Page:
Friday, May 22, 2015

Jeremy Wade Is Really Into River Monsters

"We  definitely are not a fishing show!"
Jeremy Wade's laughter rings out --he's phoning from Seattle where he's working on the eighth season of one of TV's most unusual shows --River Monsters.
Canada's Discovery Channel is showing the sixth season right now capped Monday night at 8 with the two hour special River Monsters: Prehistoric Terror.
So why is Canadian TV so far behind?
Wade sighs audibly. "In Britain it will soon be time for season eight, in the U.S. they're on the seventh season, your Discovery is in the sixth. That's all I know!"
Wade sounded sleepy but he explained he'd been diving the day before and that requires some exertion.
"If anyone had told me when we began we'd still be at it I would not have believed it."
The show's description may sound bland on paper --a genial British chap fishing in remote rivers around the world --but Wade says that's only the bare bones premise.
Really the show is an ecological series about rare fish which have grown into monsters.
"The locations have to be far flung because these places are untouched by creeping civilization.
"We've shot in a lot of strange places from Manchuria to Bolivia. China is one location which still eludes us. We were once going to shoot in Iraq but can't these days for obvious reasons."
Wade agrees many places have tall tales about fishermen being dragged into the depths by unseen monsters.
"Filming that sort of thing can be dangerous. And, of course, some of these are simply tall tales."
The film company travel light but each hour has a set of talking points which must be met or there's no story.
Monday's special on Prehistoric Monsters could mark a new direction for the series.
"I mean we are close to the bottom of the barrel. This one doesn't take place on rivers. We try and find remains of prehistoric fish and show how their ancestors could be out there.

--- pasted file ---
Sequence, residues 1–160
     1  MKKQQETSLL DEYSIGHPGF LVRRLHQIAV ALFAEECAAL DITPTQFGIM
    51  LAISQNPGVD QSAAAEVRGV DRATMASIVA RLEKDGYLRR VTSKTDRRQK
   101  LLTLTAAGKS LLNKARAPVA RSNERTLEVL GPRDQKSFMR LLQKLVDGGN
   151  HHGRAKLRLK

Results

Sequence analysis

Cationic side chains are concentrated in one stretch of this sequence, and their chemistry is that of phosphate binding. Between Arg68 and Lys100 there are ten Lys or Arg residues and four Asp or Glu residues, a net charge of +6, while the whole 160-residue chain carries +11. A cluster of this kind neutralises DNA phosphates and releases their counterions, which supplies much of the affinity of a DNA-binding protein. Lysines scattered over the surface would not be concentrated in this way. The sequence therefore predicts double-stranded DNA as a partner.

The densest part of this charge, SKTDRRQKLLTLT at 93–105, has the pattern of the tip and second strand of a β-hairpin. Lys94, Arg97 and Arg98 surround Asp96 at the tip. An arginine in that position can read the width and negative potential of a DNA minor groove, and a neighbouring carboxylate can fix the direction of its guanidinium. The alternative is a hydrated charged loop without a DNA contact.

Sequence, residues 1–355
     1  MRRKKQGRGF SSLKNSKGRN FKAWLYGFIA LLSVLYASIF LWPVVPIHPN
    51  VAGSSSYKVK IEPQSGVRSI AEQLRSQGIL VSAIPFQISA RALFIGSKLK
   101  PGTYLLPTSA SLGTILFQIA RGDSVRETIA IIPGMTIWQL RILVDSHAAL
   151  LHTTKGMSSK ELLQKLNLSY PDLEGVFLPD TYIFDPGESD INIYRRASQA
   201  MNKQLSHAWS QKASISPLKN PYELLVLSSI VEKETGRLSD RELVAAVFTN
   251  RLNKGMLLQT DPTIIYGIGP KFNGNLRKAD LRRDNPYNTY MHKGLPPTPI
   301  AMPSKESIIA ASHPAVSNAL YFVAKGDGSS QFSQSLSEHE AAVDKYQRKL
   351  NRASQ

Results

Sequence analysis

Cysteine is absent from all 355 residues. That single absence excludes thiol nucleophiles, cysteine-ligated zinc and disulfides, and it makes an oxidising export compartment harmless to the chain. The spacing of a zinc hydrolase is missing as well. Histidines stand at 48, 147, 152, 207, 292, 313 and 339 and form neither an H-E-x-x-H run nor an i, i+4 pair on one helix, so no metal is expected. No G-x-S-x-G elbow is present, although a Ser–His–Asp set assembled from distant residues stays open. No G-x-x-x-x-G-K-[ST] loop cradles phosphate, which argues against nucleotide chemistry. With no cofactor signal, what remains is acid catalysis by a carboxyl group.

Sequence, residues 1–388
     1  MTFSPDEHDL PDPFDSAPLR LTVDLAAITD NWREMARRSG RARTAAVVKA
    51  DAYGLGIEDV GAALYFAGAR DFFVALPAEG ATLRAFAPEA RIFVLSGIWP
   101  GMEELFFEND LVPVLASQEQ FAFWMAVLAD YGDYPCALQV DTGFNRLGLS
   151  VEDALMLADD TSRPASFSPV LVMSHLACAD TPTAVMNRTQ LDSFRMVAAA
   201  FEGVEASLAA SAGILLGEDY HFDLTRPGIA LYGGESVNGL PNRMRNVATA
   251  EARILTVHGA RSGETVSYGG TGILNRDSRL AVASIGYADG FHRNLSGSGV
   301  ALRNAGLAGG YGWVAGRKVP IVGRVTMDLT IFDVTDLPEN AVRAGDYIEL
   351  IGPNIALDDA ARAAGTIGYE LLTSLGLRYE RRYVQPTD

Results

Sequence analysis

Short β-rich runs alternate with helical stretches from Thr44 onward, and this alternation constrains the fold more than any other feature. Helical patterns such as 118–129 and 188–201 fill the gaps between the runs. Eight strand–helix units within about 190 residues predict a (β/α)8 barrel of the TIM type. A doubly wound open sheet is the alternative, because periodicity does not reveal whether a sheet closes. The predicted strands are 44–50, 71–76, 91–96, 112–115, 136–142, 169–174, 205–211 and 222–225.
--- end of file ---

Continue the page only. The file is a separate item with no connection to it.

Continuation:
"And this meant fishing off the B.C. coast for two very strange species. One is called the hagfish so primitive I'm not sure it even is a fish. It has no spine, lives on dead fish and secretes a slimy ooze to keep away predators. I'm told scientists are studying that ooze and think they can find applications for it.
"The other is the ratfish --you've seen the special --it is one of the strangest fish I have ever seen."
One thing about these adventures: he is always shown gently placing the captured fish back in  the water if he can.
"I do eat fish on occasion but not these ones which are extremely rare. We're practicing conservation which is one of the big themes of the show."
Wade's adventures have taken him into blinding rain storms but he fishes away "because the budget isn't big enough to sit around waiting for good weather. It would take more than a  swarm of mosquitoes to stop us."
What Wade likes best about the show is its unpredictability. It doesn't have a script because who knows what he might be pulling from the river?
Favorite catches include a goliath tiger fish caught in the Congo and a 150-pound arapaima caught in Brazil;.
The show will go on for awhile longer but Wade says the number of potential subjects is finite. "We're at the stage we find just enough new rarities to keep going a bit longer."
Another problem is climate change meaning fewer river fish everywhere.
"Sadly, there  has been a marked decline in fish sizes and that means the monsters at the top of the pyramid are declining, too."
MY RATING: ****.

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